This post has been sponsored by Maple Leaf Prime.
As much as I love beef burgers, every once in a while it’s nice to change things up. Chicken burgers are a great lower-fat alternative and they can be just as tasty as beef burgers. In this recipe I’ve added spices and chopped jalapeños to give this burger some Tex-Mex flavour. I’ve also added a small onion to help keep the patties moist.
These burgers aren’t very spicy, so if you want more kick to your burger you can either increase the amount of jalapeños or leave the membrane intact (that’s where the heat is).
Maple Leaf Prime’s Naturally Extra Lean Ground Chicken is great for burgers because it’s flavourful, but doesn’t have a ton of fat. Of course, you can use any kind of ground chicken in this recipe, I just happen to like the Maple Leaf Prime brand.
This Tex-Mex Chicken Burger recipe is very straightforward, and you can adapt it to suit your preferences. Feel free to play around with the level of heat, or add your own Tex-Mex spice blend.
Oh, and I want you to know that I cooked these burgers indoors on a George Foreman grill. This is important to note because this grill cooks the burger patties from the top and bottom at the same time. I like using my George Foreman grill when it’s super hot outside, because it doesn’t give off as much heat as my BBQ pit.
If you want to grill these burgers on your BBQ, be sure to increase the cooking time (see the note in the recipe). You need to cook these burger patties until they are well done, because you never want to consume undercooked chicken!
I’ve included some handy BBQ safety tips from Health Canada below the recipe, so be sure to check those out.
Tex-Mex Chicken Burgers
- 2 pounds Maple Leaf Prime Naturally® Extra Lean Ground Chicken
- 1/3 cup breadcrumbs
- 2 cloves garlic, grated or minced
- 1 small onion, grated
- 1 jalapeno, finely chopped, seeds & membrane removed
- 3/4 teaspoon roasted cumin
- 1/2 teaspoon ground coriander
- 1 teaspoon salt
- 1/4 teaspoon black pepper
- 1 teaspoon lime juice
- 2 teaspoon grapeseed oil
- Preheat grill to medium-high heat
- Place meat in a large mixing bowl
- Add breadcrumbs, garlic, onion, jalapeno, cumin, coriander, salt, pepper, lime juice, oil
- Mix ingredients together with hands to combine
- Divide mixture into 6 balls, flatten into patties
- Spray grill with cooking spray or grease with oil on a cloth
- Place 2 patties on grill. Cook 3-4 minutes* or until well done then set aside. Repeat with the remaining burger patties.
- Allow burgers to rest 3-5 minutes before topping with desired garnish
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Please note that these nutritional values are only an estimate, and have been generated from a database using generic products.
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Food safety tips for barbecue season from Health Canada
As you head out to the grill, remember that eating undercooked meat or foods that have come into contact with raw meat can result in food poisoning (a.k.a. foodborne illness) caused by bacteria such as E. coli, Salmonella and Campylobacter.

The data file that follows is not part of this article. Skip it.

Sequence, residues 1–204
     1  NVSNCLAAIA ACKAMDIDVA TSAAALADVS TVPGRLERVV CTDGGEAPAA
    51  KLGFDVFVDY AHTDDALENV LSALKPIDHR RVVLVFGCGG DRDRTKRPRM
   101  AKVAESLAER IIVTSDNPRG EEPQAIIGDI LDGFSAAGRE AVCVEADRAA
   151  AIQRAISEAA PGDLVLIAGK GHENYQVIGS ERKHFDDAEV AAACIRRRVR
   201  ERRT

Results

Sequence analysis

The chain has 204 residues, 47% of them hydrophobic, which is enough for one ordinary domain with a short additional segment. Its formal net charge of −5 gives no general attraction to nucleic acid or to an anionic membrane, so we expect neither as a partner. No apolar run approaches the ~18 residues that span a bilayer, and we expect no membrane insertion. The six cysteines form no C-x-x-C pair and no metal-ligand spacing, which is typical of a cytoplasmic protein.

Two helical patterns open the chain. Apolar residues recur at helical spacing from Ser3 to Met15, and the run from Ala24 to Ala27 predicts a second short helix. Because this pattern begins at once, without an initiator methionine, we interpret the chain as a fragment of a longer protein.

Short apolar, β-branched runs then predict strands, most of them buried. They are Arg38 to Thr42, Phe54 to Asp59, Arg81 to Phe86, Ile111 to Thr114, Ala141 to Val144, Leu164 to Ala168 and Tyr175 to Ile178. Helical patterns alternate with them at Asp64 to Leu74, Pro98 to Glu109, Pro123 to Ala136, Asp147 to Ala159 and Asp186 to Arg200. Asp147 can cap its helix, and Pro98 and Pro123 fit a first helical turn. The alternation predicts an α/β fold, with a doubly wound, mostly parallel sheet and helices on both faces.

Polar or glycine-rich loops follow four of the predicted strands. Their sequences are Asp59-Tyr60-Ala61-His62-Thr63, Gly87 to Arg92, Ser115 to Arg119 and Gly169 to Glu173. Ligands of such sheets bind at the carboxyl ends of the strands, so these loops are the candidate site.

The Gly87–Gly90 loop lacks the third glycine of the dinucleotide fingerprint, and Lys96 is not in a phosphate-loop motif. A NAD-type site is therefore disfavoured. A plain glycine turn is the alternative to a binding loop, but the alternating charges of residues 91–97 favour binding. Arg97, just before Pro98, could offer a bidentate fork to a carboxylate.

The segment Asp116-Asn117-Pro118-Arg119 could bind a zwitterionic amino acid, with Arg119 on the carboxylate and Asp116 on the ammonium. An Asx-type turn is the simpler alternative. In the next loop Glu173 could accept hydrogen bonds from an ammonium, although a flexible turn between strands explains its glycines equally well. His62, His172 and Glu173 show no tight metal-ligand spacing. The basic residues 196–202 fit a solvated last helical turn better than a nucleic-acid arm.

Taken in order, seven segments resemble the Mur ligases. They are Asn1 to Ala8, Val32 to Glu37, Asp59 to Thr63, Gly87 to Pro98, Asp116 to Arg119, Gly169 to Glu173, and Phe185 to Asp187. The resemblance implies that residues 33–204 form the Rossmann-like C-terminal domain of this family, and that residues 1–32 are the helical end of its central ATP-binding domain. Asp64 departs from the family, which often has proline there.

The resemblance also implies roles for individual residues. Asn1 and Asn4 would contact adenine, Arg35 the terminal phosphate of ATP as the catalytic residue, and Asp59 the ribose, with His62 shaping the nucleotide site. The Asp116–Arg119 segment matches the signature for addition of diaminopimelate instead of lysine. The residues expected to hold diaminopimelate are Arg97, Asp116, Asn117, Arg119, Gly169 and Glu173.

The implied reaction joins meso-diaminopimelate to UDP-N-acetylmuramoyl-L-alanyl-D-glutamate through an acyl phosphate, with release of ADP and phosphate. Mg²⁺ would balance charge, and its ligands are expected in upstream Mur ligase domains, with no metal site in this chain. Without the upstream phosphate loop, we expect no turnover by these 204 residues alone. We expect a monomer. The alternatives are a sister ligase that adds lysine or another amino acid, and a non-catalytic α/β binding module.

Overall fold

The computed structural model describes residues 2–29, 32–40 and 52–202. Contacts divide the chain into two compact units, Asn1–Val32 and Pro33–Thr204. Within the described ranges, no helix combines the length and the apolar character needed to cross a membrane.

It is estimated that approximately 1 in 8 people will get sick from foodborne illness every year in Canada. Many of these cases could be prevented by following proper food handling and preparation techniques.
What you should do
You can help lower your risk of foodborne illness by handling and cooking raw meat carefully. Here are some important safety tips to follow:
- Raw meat should always be stored in a refrigerator or cooler at 4ºC (40ºF) or below.
- If you are storing raw meat in a cooler, make sure that it is packed with ice and that it stays out of direct sunlight. Avoid opening the cooler too often.
- Ensure that packaged meats are well sealed and are placed at the bottom of your refrigerator or cooler, so their juices don’t come in contact with other food products, thus avoiding cross-contamination.
- Remember to wash your hands, cutting boards, countertops, knives and other utensils carefully with soap and warm water before and after handling raw meat or other raw foods. This helps avoid cross-contamination and prevents the spread of foodborne illness.
- Colour alone is not a reliable indicator that meat is safe to eat. Meat may turn brown before dangerous bacteria that may be present, are killed. Use a digital food thermometer to be sure your meat has reached a safe internal temperature.
- To check the temperature of meat that you are cooking on the barbecue, take it off the grill and insert a digital food thermometer through the thickest part of the meat.
- If you are cooking a beef hamburger, take the patty from the grill and insert a digital food thermometer through its side, all the way to the middle.
- If you are cooking more than one patty, or several pieces of meat, be sure to check the temperature of each piece.
- Use clean utensils and plates when removing cooked meats from the grill.
- Remember to wash the thermometer in hot, soapy water between every temperature reading (including between every piece of meat or patty checked).
- Always remember to keep hot food hot until it is ready to serve.
Follow this guide to make sure that the food you are cooking has reached a safe internal temperature.
|Beef, veal and lamb (pieces and whole cuts)
· Well done
|· 63°C (145°F)
· 71°C (160°F)
· 77°C (170°F)
|Pork (pieces and whole cuts)||· 71°C (160°F)|
|Poultry (e.g., chicken, turkey, duck)
|· 74°C (165°F)
· 85°C (185°F)
|Ground meat and meat mixtures
(e.g., burgers, sausages, meatballs, meatloaf, casseroles)
· Beef, veal, lamb and pork
|· 71°C (160°F)
· 74°C (165°F)
|Egg dishes||· 74°C (165°F)|
(e.g., hot dogs, stuffing, leftovers)
|· 74°C (165°F)|
To learn more about Maple Leaf Prime products, visit MapleLeafPrime.ca
This post has been sponsored by Maple Leaf Prime.
All opinions are my own.